Democ­racy?

Southasia - - The Last Stop - By Anees Jil­lani

One thing that Pak­ista­nis of­ten get tired of is In­di­ans tak­ing pride in their democ­racy and crit­i­ciz­ing Pak­istan for tol­er­at­ing mil­i­tary rule dur­ing most of its 65 year his­tory. In In­dia, re­cent elec­tions in Ut­tar Pradesh showed that the Bahu­jan Samaj Party, headed by a bil­lion­aire Mayawati who was a sim­ple school teacher a cou­ple of years ago, has been trounced by the Sa­ma­jwadi Party which is headed by a for­mer wrestler, Mu­layam Singh Ya­dav, who of course is also a bil­lion­aire now.

The Sa­ma­jwadi Party took 224 seats out of the 403 in the leg­isla­tive assem­bly, while the BSP, which was in power at the time of the elec­tions, was a dis­tant sec­ond with 80 seats. The Congress party, which is cur­rently head­ing the na­tional gov­ern­ment, suf­fered a ma­jor set­back in the elec­tions and could man­age to pocket only 28 seats. The con­so­la­tion for the Congress may be that BJP, which is the main op­po­si­tion party at the na­tional level, also fared poorly and could bag only 47 seats.

It is no doubt praise-wor­thy that peace­ful elec­tions re­sulted in a smooth tran­si­tion of power in a short time, which sel­dom hap­pens in the Is­lamic Repub­lic of Pak­istan. How­ever, what does one do when one cor­rupt politi­cian is re­placed by an equally cor­rupt one, as chief min­is­ter for a state?

Akhilesh Ya­dav, 39, is son of the head of SP, Mu­layam Singh Ya­dav, who him­self has been Chief Min­is­ter of UP thrice. He is ac­cused of amass­ing bil­lions and pro­mot­ing goonda raj. De­spite this, the 112 mil­lion vot­ers of UP, the largest and po­lit­i­cally most im­por­tant state of In­dia, voted over­whelm­ingly for the Ya­dav fam­ily. The Ya­dav com­mu­nity voted en­bloc for the SP as it was headed by some­one who hailed from their com­mu­nity. The Mus­lims, dis­grun­tled with BSP’S per­for­mance dur­ing the past five years and still hold­ing Congress and BJP re­spon­si­ble for the destruc­tion of the Ay­o­d­haya mosque in­ci­dent, made SP’S vic­tory pos­si­ble in many of the seats. This phe­nom­e­non of the com­mu­nity vot­ing for can­di­dates from its own com­mu­nity makes a mock­ery of the whole sys­tem.

Is this what democ­racy is all about? Re­plac­ing one cor­rupt leader by an­other cor­rupt leader, who was routed by the same vot­ers for this very rea­son in the last elec­tion? And to top it all, pol­i­tics in In­dia, just like in Pak­istan, ap­pears to run in the fam­i­lies. The Gandhi fam­ily con­tin­ues to be treated like a royalty and has vir­tu­ally been dom­i­nat­ing the In­dian po­lit­i­cal scene since the early last cen­tury; the tra­di­tion has now rubbed on the other po­lit­i­cal fam­i­lies and the In­dian Lok Sabha and the state as­sem­blies are flooded with sons and daugh­ters of old politi­cians. The ap­point­ment of Akhilesh as the new UP chief min­is­ter is the lat­est chap­ter in this re­gard.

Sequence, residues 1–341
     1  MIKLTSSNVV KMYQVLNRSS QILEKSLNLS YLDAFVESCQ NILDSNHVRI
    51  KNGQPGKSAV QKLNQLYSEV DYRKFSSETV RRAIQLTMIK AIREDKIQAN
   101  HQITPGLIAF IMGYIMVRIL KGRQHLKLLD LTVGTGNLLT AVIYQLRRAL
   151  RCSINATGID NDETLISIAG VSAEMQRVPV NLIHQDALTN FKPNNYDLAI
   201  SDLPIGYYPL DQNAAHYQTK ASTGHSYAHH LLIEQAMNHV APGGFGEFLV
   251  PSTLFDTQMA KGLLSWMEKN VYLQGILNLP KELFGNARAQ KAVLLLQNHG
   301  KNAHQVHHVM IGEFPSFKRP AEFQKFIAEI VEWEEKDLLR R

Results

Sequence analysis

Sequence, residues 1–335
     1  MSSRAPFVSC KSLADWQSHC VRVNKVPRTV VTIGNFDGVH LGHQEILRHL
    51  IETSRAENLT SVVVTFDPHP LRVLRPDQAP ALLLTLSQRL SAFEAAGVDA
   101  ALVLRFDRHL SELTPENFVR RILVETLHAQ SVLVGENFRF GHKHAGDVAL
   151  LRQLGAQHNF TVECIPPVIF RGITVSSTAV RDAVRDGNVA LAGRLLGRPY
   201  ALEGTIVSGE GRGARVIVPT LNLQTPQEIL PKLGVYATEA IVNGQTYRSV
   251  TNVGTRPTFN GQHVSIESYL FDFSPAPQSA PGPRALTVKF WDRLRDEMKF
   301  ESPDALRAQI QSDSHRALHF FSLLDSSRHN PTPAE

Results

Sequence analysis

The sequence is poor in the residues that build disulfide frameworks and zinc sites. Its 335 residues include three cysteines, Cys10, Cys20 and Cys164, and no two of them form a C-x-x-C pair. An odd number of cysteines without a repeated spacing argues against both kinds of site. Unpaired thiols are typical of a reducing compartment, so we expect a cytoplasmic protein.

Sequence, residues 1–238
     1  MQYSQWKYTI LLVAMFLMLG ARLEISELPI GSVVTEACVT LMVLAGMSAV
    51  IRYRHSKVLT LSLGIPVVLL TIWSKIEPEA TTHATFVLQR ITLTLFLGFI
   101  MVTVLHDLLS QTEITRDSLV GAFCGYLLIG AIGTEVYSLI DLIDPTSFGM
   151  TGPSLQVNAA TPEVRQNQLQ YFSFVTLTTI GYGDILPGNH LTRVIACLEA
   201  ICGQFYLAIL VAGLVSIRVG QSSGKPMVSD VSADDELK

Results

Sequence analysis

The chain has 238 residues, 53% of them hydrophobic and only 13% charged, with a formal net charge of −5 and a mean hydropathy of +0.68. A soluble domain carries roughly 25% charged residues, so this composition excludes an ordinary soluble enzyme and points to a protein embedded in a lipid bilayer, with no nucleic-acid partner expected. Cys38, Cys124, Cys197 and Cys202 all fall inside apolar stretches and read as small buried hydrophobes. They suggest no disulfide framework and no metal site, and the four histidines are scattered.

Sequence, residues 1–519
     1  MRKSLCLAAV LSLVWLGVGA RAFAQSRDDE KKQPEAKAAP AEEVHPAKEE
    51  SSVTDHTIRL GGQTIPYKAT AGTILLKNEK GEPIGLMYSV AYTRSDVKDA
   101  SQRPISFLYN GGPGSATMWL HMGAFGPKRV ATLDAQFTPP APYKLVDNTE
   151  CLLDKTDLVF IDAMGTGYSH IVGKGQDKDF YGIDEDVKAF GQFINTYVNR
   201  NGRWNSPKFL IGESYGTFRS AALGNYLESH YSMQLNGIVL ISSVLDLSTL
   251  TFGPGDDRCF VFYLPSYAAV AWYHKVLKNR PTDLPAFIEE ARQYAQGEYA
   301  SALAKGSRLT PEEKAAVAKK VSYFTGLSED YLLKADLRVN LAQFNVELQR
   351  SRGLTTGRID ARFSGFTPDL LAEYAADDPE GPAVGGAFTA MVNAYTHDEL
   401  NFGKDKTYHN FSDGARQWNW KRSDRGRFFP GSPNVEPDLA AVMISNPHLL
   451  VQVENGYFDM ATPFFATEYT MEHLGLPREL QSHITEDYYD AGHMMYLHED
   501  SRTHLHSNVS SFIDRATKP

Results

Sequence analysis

Pol­i­tics is thus no longer meant to serve the masses. It is a busi­ness ven­ture, meant to amass wealth that you can later use with­out any hes­i­ta­tion in the next elec­tion. One ex­am­ple is suf­fi­cient to prove the ef­fi­cacy of ex­or­bi­tant ex­penses in an elec­tion: in the Tamil Nadu elec­tions last year, the In­dian elec­tion com­mis­sioner did not per­mit the rul­ing DMK party to use gov­ern­ment re­sources and tried to con­trol the ex­pen­di­ture. As a re­sult, the rul­ing party lost.

How­ever, this may be re­garded as an ex­cep­tion rather than the rule as it is not fea­si­ble for a per­son with­out ad­e­quate means to con­test an elec­tion even in `demo­cratic’ In­dia; it is vir­tu­ally im­pos­si­ble in the `Is­lamic’ Repub­lic and of course un­think­able when it comes to Se­nate elec­tions where a seat may be sold for as much as ten crore ru­pees. Anees Jil­lani is an ad­vo­cate of the Supreme Court and a mem­ber of the Washington, DC Bar. He has been writ­ing for var­i­ous publi­ca­tions for more than 20 years and has au­thored sev­eral books.

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